President Barack Obama hailed an historic interim deal with Iran Saturday as "an important first step" towards a comprehensive pact to end the showdown over Teheran's nuclear programme.
The president however quickly ran into criticism from opponents on Capitol Hill, reflecting the deep mistrust of Tehran after more than 30 years of Cold War-style hostilities and Obama's own ragged domestic political fortunes.
"While today's announcement is just a first step, it achieves a great deal," Obama said in a late night statement from the White House after the agreement was clinched in talks between P5+1 world powers and Iran in Geneva.
"For the first time in nearly a decade, we have halted the progress of the Iranian nuclear programme, and key parts of the programme will be rolled back."
The president also warned that if Iran did not live up to its side of the bargain, it would both lose the nearly $7 billion in sanctions relief allowed under the interim deal and face increased sanctions.
Washington and its allies had taken "an important first step toward a comprehensive solution that addresses our concerns with the Islamic Republic of Iran's nuclear programme," Obama said.
Senior US officials said the deal did not "recognize" Iran's right to enrich uranium, and committed Tehran to take a number of steps to halt progress on its nuclear programme.
These include, according to the White House, a commitment to halt uranium enrichment above five percent and to neutralize a stockpile of 20 percent enriched uranium.
The White House said that Iran agreed to not to install additional centrifuges or to use any of its new generation centrifuge, and to leave inoperable roughly half of installed centrifuges at the Natanz plant and three-quarters of installed centrifuges at Fordow.
Tehran also agreed to not commission its Arak reactor, designed to eventually produce plutonium that could be used in a nuclear bomb, and to halt construction on the plant.
In return, world powers, including the United States, Russia, China, Britain, France and Germany plus the European Union, agreed to a set of "modest" measures to ease sanctions that have choked the Iranian economy.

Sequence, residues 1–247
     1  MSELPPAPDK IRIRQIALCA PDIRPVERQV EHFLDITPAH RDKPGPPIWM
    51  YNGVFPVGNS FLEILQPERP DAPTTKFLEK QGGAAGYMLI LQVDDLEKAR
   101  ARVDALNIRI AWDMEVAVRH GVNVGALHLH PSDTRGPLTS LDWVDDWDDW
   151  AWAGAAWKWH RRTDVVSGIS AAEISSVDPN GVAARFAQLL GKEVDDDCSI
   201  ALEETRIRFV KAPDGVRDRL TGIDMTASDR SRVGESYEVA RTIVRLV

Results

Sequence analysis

Obama stressed that the "toughest" sanctions would remain pending a final deal.
"We will refrain from imposing new sanctions, and we will allow the Iranian government access to a portion of the revenue that they have been denied through sanctions," Obama said.
Obama's political allies will likely frame the deal as a victory for a president who has seen his global standing erode over an National Security Agency spying scandal, and who has struggled to reach a coherent policy towards Syria's use of chemical weapons.
Obama's Iran policy however faces intense opposition from Republicans and some Democratic hawks on Capitol Hill, an early hint of the tough sales job he and Secretary of State John Kerry face.
"The President sees wisdom in placing trust, however limited, in a regime that has repeatedly violated international norms and put America's security at risk," said Howard 'Buck' McKeon, the Republican chairman of the House Armed Services Committee.
Republican Senator Marco Rubio added that "by allowing the Iranian regime to retain a sizable nuclear infrastructure, this agreement makes a nuclear Iran more likely."
"There is now an even more urgent need for Congress to increase sanctions until Iran completely abandons its enrichment and reprocessing capabilities," he said.
Ed Royce, chairman of the House Foreign Affairs committee criticized the sanctions relief under the deal as "more lifeline than 'modest.'"
In his speech, Obama warned lawmakers planning to impose new sanctions on Iran that such a move could "derail" the progress over the next six months designed at getting a comprehensive deal.
Much of the criticism from Capitol Hill mirror concerns expressed by Israel -- something Obama acknowledged when he said that he recognized that the interim deal would make some US allies nervous.
US resolve "will remain firm, as will our commitment to our friends and allies - particularly Israel and our Gulf partners, who have good reason to be skeptical about Iran's intentions," he said.
White House officials said they expected Obama to call Israel Prime Minister Benjamin Netanyahu on Sunday to brief him on the deal.
Despite the criticism, the deal is a vindication for Obama's strategy of engaging Iran, including his telephone call with new Iranian President Hassan Rouhani in September. If a final deal can be reached it will likely be the centerpiece of his foreign policy legacy.
"I have a profound responsibility to try to resolve our differences peacefully, rather than rush towards conflict," Obama said.
"Today, we have a real opportunity to achieve a comprehensive, peaceful settlement, and I believe we must test it."